(Acts 11:1-18) – J G White
11 am, E5, Sunday, May 19, 2019 – UBC Digby
Parable of The Life Saving Station video
On a dangerous seacoast where shipwrecks often occur, there was once a crude little lifesaving station. The building was just a hut, and there was only one boat, but the few devoted members kept a constant watch over the sea, and with no thought for themselves went out day and night tirelessly searching for those who were lost. Some of those who were saved and various others in the surrounding area wanted to become associated with the station and gave of their time, money, and eﬀort to support its work. New boats were bought and new crews trained. The little lifesaving station grew.
Some of the members of the lifesaving station were unhappy that the building was so crude and poorly equipped. They felt that a more comfortable place should be provided as the ﬁrst refuge of those saved from the sea. They replaced the emergency cots with beds and put better furniture in the enlarged building.
Now the lifesaving station became a popular gathering place for its members, and they decorated it beautifully because they used it as a sort of club. Fewer members were now interested in going to sea on life-saving missions, so they hired lifeboat crews to do this work. The lifesaving motif still prevailed in the club’s decorations, and there was a liturgical lifeboat in the room where the club’s initiations were held. About this time a large ship wrecked oﬀ the coast, and the hired crews brought in boatloads of cold, wet, and half-drowned people. They were dirty and sick. The beautiful new club was in chaos. So the property committee immediately had a shower house built outside the club where victims of shipwrecks could be cleaned up before coming inside.
At the next meeting, there was a split among the club membership. Most of the members wanted to stop the club’s lifesaving activities as being unpleasant and a hindrance to the normal social life of the club. Some members insisted upon life¬saving as their primary purpose and pointed out that they were still called a life¬saving station. But they were ﬁnally voted down and told that if they wanted to save the lives of all the various kinds of people who were shipwrecked in those waters, they could begin their own lifesaving station. So they did.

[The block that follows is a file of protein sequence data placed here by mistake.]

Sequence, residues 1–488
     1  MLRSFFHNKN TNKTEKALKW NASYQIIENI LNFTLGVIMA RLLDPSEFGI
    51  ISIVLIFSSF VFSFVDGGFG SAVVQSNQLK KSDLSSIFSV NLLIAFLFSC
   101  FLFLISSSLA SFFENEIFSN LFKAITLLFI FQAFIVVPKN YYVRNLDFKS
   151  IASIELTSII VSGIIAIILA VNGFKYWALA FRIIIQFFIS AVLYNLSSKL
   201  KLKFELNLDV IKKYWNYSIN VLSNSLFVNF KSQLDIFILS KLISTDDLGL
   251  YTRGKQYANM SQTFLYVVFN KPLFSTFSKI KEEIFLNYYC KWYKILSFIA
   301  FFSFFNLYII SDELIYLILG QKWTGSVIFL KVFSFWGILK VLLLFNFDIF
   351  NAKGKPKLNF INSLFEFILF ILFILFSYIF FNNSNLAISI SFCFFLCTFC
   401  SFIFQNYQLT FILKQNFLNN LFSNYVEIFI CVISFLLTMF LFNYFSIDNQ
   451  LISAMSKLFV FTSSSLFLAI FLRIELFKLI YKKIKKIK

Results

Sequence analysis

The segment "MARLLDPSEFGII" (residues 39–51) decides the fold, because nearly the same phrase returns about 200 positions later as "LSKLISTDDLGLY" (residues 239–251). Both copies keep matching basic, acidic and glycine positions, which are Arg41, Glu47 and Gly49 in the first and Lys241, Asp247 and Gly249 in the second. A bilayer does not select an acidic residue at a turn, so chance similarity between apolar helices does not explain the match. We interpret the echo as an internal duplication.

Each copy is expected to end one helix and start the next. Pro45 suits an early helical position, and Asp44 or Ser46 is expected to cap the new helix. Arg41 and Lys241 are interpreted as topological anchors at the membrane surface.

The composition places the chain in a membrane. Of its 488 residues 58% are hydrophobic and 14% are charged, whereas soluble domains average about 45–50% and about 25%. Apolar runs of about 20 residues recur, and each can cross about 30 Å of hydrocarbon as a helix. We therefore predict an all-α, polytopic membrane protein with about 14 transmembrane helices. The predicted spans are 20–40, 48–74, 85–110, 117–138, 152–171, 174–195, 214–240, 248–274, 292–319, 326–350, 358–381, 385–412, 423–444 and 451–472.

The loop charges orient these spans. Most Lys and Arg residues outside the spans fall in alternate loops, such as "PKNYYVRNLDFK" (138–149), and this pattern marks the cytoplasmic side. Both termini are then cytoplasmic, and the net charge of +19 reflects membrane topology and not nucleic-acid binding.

As the years went by, the new station experienced the same changes that had occurred in the old. It evolved into a club, and yet another lifesaving station was founded. History continued to repeat itself, and if you visit that seacoast today, you will ﬁnd a number of exclusive clubs along that shore. Shipwrecks are frequent in those waters, but most of the people drown. (Author: Rev. Dr. Theodore O. Wedel, 1953)
This month, here, we peek into chapter eleven of Dennis Bicker’s book, The Healthy Small Church. Our theme: Mission-Mindedness. The chapter starts with a quote from Canadian Church Consultant and author, Tom Bandy.
True health does not mean personal or corporate well-being. It means personal or corporate productivity…. The mere health of the body of Christ is meaningless unless it blesses all humankind.
Like many others, Bandy, Bickers, and Wedel -who wrote the life saving station story – tell us we are the Church so that we will have a mission and bless our communities, and our world. They are simply preaching as Jesus did, who said, “Going into the world, make more disciples of me – baptizing them and teaching them everything.” (Mtt 28) They are inspiring us as Paul tried to do, when he wrote: “We are created in Jesus to do good work, which is the lifestyle God planned for us.” (Eph 2:10)
When a person dies, sometimes we want to know what their last spoken words were. D’ya know what the last seven words of the Church are? “We’ve never done it that way before!” (Dallas Willard)